The TPPCA imposes several requirements on insurers, one of which is that if the insurer delays payment of a claim for more than the applicable statutory period or sixty days, the insurer shall pay TPPCA damages. Barbara Techs., 589 S.W.3d at 812-13 (citing, inter alia, Tex. Ins. Code. § 542.058(a)). Those damages include statutory interest on the claim along with reasonable and necessary attorney's fees. Tex. Ins. Code § 542.060(a).

On September 1, 2017, significant changes to the Texas Insurance Code took effect that were aimed at limiting TPPCA damages and attorney's fees in cases of natural disaster. Morakabian v. Allstate Vehicle & Prop. Ins. Co., No. 4:21-CV-00100-SDJ-CAN, 2022 WL 17501024, at *5 (E.D. Tex. Dec. 6, 2022) (quoting White v. Allstate Vehicle & Prop. Ins. Co., No. 6:19-CV-00066, 2021 WL 4311114, at *9 (S.D. Tex. Sept. 21, 2021)). "Codified as Chapter 542A, the recent amendments apply to any first-party claim 'made by an insured under an insurance policy providing coverage for real property' that 'arises from damage to or loss of covered property caused' by hail, wind, or a rainstorm." Id. (quoting Tex. Ins. Code § 542A.001(2)).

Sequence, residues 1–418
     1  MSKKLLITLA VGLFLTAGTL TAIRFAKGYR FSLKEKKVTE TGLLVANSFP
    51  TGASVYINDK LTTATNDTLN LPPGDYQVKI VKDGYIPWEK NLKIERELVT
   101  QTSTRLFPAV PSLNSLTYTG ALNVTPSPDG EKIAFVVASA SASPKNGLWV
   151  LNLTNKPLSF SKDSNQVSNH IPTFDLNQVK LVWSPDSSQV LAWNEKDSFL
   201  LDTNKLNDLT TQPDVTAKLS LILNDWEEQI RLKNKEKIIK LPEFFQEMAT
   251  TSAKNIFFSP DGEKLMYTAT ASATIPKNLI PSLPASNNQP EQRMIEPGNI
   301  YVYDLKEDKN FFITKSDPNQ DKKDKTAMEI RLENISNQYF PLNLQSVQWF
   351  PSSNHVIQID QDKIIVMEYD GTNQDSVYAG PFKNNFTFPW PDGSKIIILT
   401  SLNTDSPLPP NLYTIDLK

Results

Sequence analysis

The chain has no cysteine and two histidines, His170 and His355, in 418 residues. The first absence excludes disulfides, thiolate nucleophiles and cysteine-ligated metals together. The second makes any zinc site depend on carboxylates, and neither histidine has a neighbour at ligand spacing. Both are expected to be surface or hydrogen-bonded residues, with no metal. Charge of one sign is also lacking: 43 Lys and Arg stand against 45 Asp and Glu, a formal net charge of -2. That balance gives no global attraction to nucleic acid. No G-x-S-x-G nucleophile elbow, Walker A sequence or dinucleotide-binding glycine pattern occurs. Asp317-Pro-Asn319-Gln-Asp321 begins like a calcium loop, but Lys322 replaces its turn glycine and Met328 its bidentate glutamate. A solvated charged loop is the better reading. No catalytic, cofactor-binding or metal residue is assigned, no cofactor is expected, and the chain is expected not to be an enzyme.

Chapter 542A limits a policyholder's ability to recover attorney's fees and statutory interest in connection with delayed payments. Id. "Previously, Chapter 542 fixed the statutory interest penalty at 18% annually; under Chapter 542A, an insurer liable for violation of Chapter 542 owes statutory interest at a rate equal to 5% plus the amount of the current interest rate as defined by the Texas Finance Code . . . ." Id. (citing Tex. Ins. Code § 542.060(a), (c)). Chapter 542A limits the available attorney's fees by applying the following formula: